Public Enemy frontman Chuck D joins WTOP before ‘bum rushing’ speaker series in Frederick

WTOP's Jason Fraley previews Chuck D at the Weinberg Center in Frederick, Maryland (Part 1)

He’s arguably the greatest emcee from arguably the greatest hip-hop group of all time. Now, Chuck D is about to “bum rush the show” at the historic in Frederick, Maryland, Thursday night.

Flavor Flav, left, and Chuck D of the rap group Public Enemy, pose for photographers upon their arrival for the MTV Music Awards at New York's Radio City Music Hall, Sept. 8, 1994. In the five decades since hip-hop emerged out of New York City, it has spread around the country and the world. And at each step there's been change and adaptation, as new, different voices came in and made it their own. Its foundations are steeped in the Black communities where it first made itself known but it's spread out until there’s no corner of the world that hasn’t been touched by it. Public Enemy's “Fight the Power” became an anthem when it was created for filmmaker Spike Lee's 1989 classic “Do the Right Thing," which chronicled racial tension in a Brooklyn neighborhood. (AP Photo/Malcolm Clarke)(AP/MALCOLM CLARKE)

It’s part of the Frederick Speaker Series, a perfect forum for a rapper whose lyrics have always been political and whose songs often open with speeches by influential Black leaders. In other words, it’s a natural extension of what he has always done.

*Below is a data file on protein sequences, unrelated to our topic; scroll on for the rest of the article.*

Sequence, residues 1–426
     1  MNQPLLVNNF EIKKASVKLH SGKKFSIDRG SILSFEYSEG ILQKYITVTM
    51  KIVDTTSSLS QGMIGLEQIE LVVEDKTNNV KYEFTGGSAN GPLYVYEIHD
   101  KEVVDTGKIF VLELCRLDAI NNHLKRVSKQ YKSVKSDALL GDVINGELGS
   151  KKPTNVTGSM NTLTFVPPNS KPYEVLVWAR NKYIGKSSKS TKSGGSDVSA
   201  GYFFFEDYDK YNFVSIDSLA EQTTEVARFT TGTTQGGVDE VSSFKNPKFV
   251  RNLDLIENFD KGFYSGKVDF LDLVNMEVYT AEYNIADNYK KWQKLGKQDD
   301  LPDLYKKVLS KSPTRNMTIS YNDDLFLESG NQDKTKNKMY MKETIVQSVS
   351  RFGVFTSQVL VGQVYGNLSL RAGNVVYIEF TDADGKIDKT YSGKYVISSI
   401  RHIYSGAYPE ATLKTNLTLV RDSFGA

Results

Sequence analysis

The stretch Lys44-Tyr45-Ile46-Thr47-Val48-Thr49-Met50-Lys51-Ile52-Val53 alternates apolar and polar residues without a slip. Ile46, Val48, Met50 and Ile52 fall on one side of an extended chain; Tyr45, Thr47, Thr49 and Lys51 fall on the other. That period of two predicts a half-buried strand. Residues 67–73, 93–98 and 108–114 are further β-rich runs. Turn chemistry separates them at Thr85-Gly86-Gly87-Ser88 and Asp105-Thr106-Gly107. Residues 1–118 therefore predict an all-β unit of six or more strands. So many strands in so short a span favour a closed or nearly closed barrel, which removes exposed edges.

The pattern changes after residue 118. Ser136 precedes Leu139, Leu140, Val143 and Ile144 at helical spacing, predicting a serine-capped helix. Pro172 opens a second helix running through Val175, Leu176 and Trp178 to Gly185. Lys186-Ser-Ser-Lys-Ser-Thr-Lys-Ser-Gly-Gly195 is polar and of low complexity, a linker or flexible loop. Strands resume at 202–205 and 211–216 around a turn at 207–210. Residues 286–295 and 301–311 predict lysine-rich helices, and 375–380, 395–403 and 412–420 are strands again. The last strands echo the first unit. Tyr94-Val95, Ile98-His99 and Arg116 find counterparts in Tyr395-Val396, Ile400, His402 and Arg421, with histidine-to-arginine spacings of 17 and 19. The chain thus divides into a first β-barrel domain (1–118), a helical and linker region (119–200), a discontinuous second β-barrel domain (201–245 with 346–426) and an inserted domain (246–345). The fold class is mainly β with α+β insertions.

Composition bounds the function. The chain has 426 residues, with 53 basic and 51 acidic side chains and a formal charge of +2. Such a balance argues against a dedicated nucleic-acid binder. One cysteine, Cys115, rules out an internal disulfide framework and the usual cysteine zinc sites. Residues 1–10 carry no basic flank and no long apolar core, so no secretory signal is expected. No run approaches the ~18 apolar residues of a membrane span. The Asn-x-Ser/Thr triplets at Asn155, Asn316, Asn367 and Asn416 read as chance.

“I’ve been on speaker series since 1991,” Chuck D told WTOP. “I make sure that I’m able to get across to people who want to check out arts and culture, the importance of arts and culture. … It brings people together for our similarities and knocks aside our differences. What governments like to do is divide people, separate people, categorize people, but the arts and culture brings them all together, and that’s what I speak about.”

Which social or political topics might we hear him talk about on stage in Frederick?

“Rap, race, reality and technology have always been my strong points,” Chuck D said. “Technology is one of those things that we as human beings have to learn how to manage before it masters us. You’ve got things like AI coming. … I’m not a political conversationalist, however, it’s in our waters, so if people think I’m pro or con anything, I’m like, “Nah, I’m just about people being equal,’ especially where I come from, as Black folks, to be in a land that says everybody’s equal based on their character instead of their characteristics like Dr. King said.”

As we continue to wake up from Dr. King’s dream, Chuck D said, he hates how the phrase “woke” has become co-opted as a catchall term to describe anything that makes people uncomfortable when really it just means being “awake.”

“The term ‘woke’ is just the opposite of being asleep, walking around asleep, not being aware, not paying attention, you know what I’m saying?” Chuck D said. “Woke is just being able to be aware and paying attention to your surroundings, challenging information like I said in ‘Don’t Believe the Hype.’ Don’t just say, ‘I believe it because my emotion says it’ … factors have to be researched, examined, talked left or right about it, looked into it until it’s pretty much undebatable, but that takes work and effort. It doesn’t take much effort to walk around asleep.”